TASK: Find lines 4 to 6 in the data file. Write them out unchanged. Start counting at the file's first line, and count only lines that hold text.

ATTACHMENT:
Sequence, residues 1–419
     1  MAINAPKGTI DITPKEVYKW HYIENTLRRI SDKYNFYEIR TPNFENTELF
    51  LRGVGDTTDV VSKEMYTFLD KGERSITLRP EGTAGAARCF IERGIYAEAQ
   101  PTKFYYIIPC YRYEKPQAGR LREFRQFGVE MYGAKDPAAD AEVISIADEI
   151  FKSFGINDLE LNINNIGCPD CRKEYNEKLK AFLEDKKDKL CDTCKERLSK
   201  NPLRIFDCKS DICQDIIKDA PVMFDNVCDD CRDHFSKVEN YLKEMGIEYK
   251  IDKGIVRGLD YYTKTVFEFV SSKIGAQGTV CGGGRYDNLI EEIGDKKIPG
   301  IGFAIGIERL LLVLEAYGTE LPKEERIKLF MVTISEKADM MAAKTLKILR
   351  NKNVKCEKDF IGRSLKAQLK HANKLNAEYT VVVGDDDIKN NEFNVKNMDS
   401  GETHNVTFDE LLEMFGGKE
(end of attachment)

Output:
   101  PTKFYYIIPC YRYEKPQAGR LREFRQFGVE MYGAKDPAAD AEVISIADEI
   151  FKSFGINDLE LNINNIGCPD CRKEYNEKLK AFLEDKKDKL CDTCKERLSK
   201  NPLRIFDCKS DICQDIIKDA PVMFDNVCDD CRDHFSKVEN YLKEMGIEYK